I picked up Anjali Purohit’s book at the Yoda Press stall at this year’s Delhi book fair. It turned out to be nothing like what I expected, in a mostly very good way.
From this week’s column:
There’s a lot going on in Ragi-Ragini. Subtitled “Chronicles from Aji’s Kitchen” the book appears at first to be, and is at least in part, a collection of recipes that use ragi (or nachani, or kelvaragu, or finger millet) as their base interspersed with personal accounts of life with the grandmother from whom most of them were learnt. Recipes for laddoos or savoury porridge are scattered with little personal interjections; Aji would add salt here; this custard is named after Ragini herself because she likes it so much. In an introduction to the book Ragini explains her own connection with ragi recipes and some of her choices for the book itself (such as the use of verses by the poet Bahinabai Choudhari to begin each section of the book). It would be a completely ordinary introduction were it not for the fact that this is not the autobiographical work it projects itself as. Ragi-Ragini is a story by Anjali Purohit – “Ragini” is a fictional character.
In the gaps left between the recipes themselves we are also given the story of Ragini and the women who raised her. Ragini’s mother, we are told, was a disappointment to her wealthy, sophisticated in-laws, and crowned her iniquities by giving birth to a sickly girl-child and dying soon after. Ragini was raised by her maternal grandmother and aunt, who kept the weak child alive with ragi-based recipes and shared stories of the mother she never knew.
Ragi-Ragini is very much a book about women’s spaces. Men occasionally enter the household upon which the book is centred as friends, but Ragini’s grandfather is barely present even before his death. In a short author’s note, Purohit dedicates the work to her grandmothers and mother. And the very format of the recipe book as memoir is another example of shared women’s space; not because women have any particular predilection for kitchens (Ragini describes herself as a reluctant cook at best) but because it has for centuries been such a social space. Bahinabai’s poems are in the “ovi” metre, traditionally sung by Maharashtrian women doing traditional women’s work ; Ragini claims to have learnt the songs as she poured grain for the two older women to grind into flour. A constant theme in Bahinabai’s poems is that of the maher, or maternal home. Marriage and career do not weaken the bonds these women have with their mother’s home; at the end of the book Ragini too has decided to return to her Aji’s village to work, along with two children who we can only assume are her own.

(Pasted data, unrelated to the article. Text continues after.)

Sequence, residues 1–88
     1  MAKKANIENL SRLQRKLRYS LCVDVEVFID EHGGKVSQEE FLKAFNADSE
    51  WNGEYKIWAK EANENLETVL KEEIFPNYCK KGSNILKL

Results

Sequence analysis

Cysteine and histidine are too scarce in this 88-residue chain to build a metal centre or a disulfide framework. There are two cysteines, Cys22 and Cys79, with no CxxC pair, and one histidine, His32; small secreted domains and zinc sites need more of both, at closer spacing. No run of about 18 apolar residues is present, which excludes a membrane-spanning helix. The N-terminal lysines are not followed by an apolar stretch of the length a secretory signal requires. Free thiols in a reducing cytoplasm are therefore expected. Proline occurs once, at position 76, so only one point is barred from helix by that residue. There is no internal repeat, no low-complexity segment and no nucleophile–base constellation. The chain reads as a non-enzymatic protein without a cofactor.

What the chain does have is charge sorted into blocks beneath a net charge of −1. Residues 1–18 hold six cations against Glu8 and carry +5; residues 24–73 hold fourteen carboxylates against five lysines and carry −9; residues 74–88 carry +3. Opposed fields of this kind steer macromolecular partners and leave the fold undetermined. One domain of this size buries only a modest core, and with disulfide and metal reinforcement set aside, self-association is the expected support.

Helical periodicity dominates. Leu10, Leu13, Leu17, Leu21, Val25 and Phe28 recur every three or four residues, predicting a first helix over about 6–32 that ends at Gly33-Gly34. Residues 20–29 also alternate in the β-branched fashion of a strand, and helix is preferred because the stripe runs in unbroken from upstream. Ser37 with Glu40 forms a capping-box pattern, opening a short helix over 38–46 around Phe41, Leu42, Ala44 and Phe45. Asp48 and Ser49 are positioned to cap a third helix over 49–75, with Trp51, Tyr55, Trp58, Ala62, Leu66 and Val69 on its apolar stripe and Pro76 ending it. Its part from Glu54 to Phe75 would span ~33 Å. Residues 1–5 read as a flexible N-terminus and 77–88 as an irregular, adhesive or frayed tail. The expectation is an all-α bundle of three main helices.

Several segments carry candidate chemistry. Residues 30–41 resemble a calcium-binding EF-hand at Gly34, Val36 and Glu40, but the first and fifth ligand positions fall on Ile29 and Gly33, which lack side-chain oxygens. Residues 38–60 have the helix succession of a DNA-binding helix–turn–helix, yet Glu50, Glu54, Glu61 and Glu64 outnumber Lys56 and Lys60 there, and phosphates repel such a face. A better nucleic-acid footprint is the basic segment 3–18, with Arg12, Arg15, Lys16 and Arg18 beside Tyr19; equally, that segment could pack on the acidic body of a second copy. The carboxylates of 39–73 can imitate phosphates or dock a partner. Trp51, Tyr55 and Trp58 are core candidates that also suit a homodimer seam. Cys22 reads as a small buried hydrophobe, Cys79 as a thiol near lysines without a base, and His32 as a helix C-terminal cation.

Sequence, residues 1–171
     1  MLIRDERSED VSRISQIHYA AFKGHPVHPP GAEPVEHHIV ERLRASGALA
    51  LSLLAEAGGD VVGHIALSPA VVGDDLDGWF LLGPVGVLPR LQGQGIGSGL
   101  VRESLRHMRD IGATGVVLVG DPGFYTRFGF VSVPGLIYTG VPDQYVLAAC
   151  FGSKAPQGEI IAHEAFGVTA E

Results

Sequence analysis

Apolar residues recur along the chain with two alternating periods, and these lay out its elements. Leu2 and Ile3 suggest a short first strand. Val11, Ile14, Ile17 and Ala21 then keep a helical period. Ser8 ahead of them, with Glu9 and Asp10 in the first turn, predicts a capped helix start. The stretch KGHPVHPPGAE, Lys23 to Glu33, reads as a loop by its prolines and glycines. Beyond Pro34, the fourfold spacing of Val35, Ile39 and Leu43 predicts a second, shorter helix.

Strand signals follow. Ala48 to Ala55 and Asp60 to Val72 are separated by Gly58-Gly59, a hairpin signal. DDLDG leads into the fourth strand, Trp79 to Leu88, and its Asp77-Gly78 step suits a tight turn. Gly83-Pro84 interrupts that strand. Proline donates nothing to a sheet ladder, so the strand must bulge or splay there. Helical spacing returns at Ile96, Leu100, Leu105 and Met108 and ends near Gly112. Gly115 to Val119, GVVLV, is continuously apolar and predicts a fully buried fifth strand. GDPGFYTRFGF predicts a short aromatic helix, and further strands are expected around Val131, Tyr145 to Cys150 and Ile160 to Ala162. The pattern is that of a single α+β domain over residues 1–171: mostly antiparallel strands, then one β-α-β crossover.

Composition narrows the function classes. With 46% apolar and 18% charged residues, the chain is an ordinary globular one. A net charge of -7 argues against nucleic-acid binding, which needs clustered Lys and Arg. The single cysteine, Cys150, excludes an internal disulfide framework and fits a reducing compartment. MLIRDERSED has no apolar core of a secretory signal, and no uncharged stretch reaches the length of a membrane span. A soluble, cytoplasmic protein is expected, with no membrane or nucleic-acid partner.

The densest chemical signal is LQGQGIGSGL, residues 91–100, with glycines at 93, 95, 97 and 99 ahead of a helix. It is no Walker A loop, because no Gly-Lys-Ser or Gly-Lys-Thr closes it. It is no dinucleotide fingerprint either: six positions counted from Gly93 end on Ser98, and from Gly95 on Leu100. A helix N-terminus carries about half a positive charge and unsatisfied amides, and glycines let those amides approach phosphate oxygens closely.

There are three parallel stories of women’s lives running through Ragi-Ragini. One of them is Ragini’s own, another, the story of her mother Shanta as told through her grandmother’s words. And the third, in a way, is Bahinabai Choudhari’s as she develops from the young bride of the first poem to the wife of a household that has fallen on hard times to a grief-stricken widowhood.
The book’s big flaw for me, though, is that it’s sometimes poorly executed. It’s hard to tell whether it’s Ragini or Purohit herself whose prose is so overly effusive in some sections — I’m inclined to blame the fictional character, since this style seems so completely at odds with the book’s clever structure. At times it reads uncomfortably as if Purohit is parodying a particular cliché of food writing, particularly when we’re asked to leave something roasting until “it starts giving out a fragrance so heavenly that you begin to hear violins”. Then there’s the unfortunate moment where the book jokingly casts Aji’s insistence on putting salt in laddoos in Hegelian thesis-antithesis-synthesis terms and then, not content with having made a weak joke, repeats it twice.
Yet Ragi-Ragini is structurally ambitious, women-centric and interesting in ways that few books dare to be. It’s easy enough to forgive such a work some over-written recipes, particularly when said recipes promise laddoos.